Tim notes that the recent decision by the European Union Commission to block a merger between the London Stock Exchange and Deutsche Boerse (German marketplace organizer for the trading of shares and other securities) was wrong because even if the merger did create a "de facto monopoly" in the clearing of bonds and fixed-income products, as the Commission claims, the important question is if the merged company tried to exploit their monopoly could competition to it arise? Would competitors be able to enter the market? If so there are no grounds to stop the merger.

Thus even if we see an increase in concentration in markets which looks like a move towards monopoly before we panic one question we have to ask is, is that monopoly one which could prevent entry into its market if it was to attempt to exploit its market power? If not then increased concentration is not as dangerous as it may look at first glance.

Update: In a related posting Levi Russell discusses Contestability theory in the real world [Ag-Biotech Symposium]

Steve Hankie on hyperinflation

From David Beckworth’s podcast series, Macro Musings comes this audio of an interview with Steve Hankie on hyperinflation.
Steve Hanke is a professor of applied economics and co-director of the Institute for Applied Economics, Global Health, and the Study of Business Enterprise at The Johns Hopkins University in Baltimore. He is also a senior fellow and director of the Troubled Currencies Project at the Cato Institute. Steve joins the show to discuss his work on the history of hyperinflations. David and Steve discuss what exactly constitutes hyperinflation as well as historical examples of hyperinflation from 1940s Hungary to present-day Venezuela.

Wednesday, 29 March 2017

Doug Irwin defends the benefits of free trade

This video comes from Uncommon Knowledge with Peter Robinson at the Hoover Institution.
Professor Douglas Irwin defends the benefits of free trade and explains why protectionism, high tariffs, and currency wars could cause economic problems. Irwin explains the misconceptions around trade surpluses and deficits and the historical consequences and benefits of trade. He talks about an absolute versus comparative advantage with trade and why and how a trade deficit with China still benefits the United States. Irwin refers to Adam Smith’s view of trade in explaining the absolute advantage of trade. Smith argued for unregulated foreign trade, reasoning that if one country can produce a good, for example, steel, at lower costs than another country, and if a different country can produce another good, for example, an iPhone, at lower costs, then it is beneficial to both parties/countries to exchange those goods. This has become known as the absolute advantage argument for both international and domestic trade.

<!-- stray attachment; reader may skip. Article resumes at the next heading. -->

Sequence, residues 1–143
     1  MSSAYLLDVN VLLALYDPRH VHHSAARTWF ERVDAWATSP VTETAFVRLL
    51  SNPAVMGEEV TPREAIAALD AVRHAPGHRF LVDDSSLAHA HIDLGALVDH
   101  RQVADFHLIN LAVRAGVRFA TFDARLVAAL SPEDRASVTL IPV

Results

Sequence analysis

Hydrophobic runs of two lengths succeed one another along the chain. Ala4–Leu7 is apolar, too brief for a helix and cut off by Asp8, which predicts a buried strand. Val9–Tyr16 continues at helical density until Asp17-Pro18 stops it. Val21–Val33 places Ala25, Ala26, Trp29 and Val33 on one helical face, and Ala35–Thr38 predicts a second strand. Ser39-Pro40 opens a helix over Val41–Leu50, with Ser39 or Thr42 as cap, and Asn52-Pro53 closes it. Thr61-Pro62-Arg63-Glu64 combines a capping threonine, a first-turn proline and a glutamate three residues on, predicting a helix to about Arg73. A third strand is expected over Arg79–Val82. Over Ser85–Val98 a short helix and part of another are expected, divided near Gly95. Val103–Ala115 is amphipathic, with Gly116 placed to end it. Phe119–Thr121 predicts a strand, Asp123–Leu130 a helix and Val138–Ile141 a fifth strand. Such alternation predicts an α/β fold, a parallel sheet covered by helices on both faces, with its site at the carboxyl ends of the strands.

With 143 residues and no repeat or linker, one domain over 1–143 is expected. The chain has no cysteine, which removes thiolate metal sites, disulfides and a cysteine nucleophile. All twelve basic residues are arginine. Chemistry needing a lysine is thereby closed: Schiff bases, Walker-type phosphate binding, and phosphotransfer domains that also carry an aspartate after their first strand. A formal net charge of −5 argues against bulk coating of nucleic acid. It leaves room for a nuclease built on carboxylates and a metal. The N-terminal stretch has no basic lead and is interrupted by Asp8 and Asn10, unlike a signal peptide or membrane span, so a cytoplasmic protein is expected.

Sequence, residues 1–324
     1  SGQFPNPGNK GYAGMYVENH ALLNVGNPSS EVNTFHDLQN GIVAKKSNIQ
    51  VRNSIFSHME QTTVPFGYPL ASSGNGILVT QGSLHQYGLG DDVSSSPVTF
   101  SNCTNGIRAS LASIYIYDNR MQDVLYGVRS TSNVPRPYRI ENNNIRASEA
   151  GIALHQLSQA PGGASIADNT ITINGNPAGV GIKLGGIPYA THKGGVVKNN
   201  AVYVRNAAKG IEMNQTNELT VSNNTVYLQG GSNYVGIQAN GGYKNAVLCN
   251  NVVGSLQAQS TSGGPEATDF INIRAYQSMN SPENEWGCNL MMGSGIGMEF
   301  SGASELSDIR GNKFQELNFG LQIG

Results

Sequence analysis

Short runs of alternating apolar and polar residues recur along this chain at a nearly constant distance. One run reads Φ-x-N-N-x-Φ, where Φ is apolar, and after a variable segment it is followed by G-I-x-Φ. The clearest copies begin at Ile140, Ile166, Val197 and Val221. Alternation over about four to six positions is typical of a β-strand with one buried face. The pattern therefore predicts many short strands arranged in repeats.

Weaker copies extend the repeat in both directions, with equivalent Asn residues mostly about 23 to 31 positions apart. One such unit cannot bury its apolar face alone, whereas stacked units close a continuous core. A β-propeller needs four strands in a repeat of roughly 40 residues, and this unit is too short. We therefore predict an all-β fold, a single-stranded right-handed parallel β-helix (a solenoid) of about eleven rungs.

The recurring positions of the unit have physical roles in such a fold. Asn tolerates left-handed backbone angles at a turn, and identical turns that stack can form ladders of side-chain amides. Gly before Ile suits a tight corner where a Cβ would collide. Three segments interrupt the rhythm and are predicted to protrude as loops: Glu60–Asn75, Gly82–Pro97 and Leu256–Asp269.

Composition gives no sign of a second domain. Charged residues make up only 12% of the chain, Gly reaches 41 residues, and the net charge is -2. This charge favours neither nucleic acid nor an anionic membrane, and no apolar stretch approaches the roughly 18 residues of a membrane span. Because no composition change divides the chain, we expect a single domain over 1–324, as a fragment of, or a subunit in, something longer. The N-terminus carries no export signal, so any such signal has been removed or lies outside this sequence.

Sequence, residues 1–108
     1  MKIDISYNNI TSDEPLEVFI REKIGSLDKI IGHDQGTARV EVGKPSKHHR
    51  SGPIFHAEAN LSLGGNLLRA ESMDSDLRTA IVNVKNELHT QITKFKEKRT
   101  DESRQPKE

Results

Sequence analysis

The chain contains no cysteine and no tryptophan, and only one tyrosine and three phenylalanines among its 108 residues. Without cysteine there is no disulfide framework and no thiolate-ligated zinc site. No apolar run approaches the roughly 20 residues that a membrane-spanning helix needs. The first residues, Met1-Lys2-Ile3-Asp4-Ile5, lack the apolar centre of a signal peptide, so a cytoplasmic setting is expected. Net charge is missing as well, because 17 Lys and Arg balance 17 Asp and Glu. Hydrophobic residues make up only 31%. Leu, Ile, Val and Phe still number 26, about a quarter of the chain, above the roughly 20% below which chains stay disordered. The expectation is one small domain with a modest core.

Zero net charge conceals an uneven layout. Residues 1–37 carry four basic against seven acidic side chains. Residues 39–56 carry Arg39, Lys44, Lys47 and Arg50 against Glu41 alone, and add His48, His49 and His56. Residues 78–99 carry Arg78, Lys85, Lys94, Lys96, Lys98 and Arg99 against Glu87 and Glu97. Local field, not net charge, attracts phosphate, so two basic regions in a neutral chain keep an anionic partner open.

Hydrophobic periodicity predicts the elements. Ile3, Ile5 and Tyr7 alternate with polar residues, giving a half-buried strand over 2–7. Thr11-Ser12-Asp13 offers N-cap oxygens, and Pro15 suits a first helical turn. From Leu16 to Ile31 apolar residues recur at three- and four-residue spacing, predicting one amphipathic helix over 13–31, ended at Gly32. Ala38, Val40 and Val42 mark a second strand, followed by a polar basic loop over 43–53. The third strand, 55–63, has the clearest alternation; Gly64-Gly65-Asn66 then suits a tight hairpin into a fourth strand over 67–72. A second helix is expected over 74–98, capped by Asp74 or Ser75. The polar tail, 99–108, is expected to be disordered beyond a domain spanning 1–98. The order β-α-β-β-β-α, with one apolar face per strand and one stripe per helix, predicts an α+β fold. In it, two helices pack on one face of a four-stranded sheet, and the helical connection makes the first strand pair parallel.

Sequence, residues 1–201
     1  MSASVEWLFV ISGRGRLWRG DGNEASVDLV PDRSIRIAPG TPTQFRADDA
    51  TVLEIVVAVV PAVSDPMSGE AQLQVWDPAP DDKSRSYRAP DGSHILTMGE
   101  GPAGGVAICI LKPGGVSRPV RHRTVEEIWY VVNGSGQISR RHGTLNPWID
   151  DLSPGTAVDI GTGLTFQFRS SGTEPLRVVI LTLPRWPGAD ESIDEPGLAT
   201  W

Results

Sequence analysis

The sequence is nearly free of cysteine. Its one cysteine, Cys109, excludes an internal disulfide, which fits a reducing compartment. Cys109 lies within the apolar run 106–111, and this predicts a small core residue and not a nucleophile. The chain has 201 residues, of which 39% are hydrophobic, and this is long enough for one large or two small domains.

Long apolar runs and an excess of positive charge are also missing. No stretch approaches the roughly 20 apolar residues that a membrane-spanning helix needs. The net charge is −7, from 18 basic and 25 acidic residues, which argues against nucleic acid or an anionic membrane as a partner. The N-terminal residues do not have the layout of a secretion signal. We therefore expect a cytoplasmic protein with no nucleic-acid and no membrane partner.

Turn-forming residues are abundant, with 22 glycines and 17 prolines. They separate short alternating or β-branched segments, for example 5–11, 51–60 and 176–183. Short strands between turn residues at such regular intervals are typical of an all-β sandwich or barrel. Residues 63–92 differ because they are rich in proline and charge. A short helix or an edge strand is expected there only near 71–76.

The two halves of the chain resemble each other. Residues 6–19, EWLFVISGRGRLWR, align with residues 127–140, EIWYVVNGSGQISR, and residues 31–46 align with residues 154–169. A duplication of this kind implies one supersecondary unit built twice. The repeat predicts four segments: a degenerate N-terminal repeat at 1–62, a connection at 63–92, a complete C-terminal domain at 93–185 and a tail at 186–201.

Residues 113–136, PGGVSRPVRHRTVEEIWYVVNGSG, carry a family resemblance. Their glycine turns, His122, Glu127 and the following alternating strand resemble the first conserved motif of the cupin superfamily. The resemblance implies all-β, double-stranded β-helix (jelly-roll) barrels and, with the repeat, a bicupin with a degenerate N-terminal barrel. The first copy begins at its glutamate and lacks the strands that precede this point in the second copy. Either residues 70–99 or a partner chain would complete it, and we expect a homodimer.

Irwin notes that trade still benefits the United States enormously and that striking back at other countries by imposing new barriers to trade and/or ripping up existing agreements would be self-destructive. Finally, Irwin talks about problems within the American economy, how too many people are not working, which cannot be blamed entirely on the trade deficits. Some reasons people cannot find jobs are mechanization, efficiency, productivity, technology, and skills. Irwin discusses a few options for helping people with limited education and few skills survive, including paying a basic wage, improving our educational system, and reducing regulations so the costs of hiring an employee are not as steep.

Dennis Carlton on concentration in American industry and competition policy

This is from a short interview with Dennis W. Carlton, the David McDaniel Keller Professor of Economics at the Booth School of Business at the University of Chicago, dealing with the question, Does America have a concentration problem?
Q: The discourse on concentration, market power, and bigness in many U.S. industries has increased dramatically in the last year. Do you believe that we have enough empirical evidence to show that concentration is on the rise and having adverse effects on the economy?

There is some evidence of increased concentration. But the evidence I have seen in manufacturing (I thank Sam Peltzman for his data) suggests that these increases are unlikely to have large effects on the U.S. economy. For example, using census data, with all its limitations such as ignoring imports, the evidence indicates that the U.S. economy is still generally characterized by manufacturing industries with low concentration levels.

I am skeptical of claims and have seen no convincing evidence that increased concentration overall across all industries has been a major factor in explaining poor U.S. economic performance.

Q: In your opinion, what are the main reasons for the rise in concentration?

Technology explains the rise in concentration in some industries. Regulation, which tends to burden small firms disproportionately, explains it in others.

Q: Which industries should we be concerned with when we look at questions of concentration? Do we have evidence of excessive market power, reduction in quality or investment, or growing political influence?

Every industry with very high concentration deserves scrutiny from an antitrust viewpoint. Industries where data collection is important might raise privacy issues that need to be addressed, in addition to antitrust issues.

Q: Has consolidation in the financial industry played a role in concentration or antitrust issues in the U.S.?

Concentration in the financial industry can raise antitrust concerns. The recent ABA advisory report on antitrust for the next administration raises this issue and suggests that the Federal Reserve should not adopt different merger standards than the Department of Justice.

But if the question is suggesting that bank concentration is responsible for increased concentration in other industries, I have seen no evidence of that.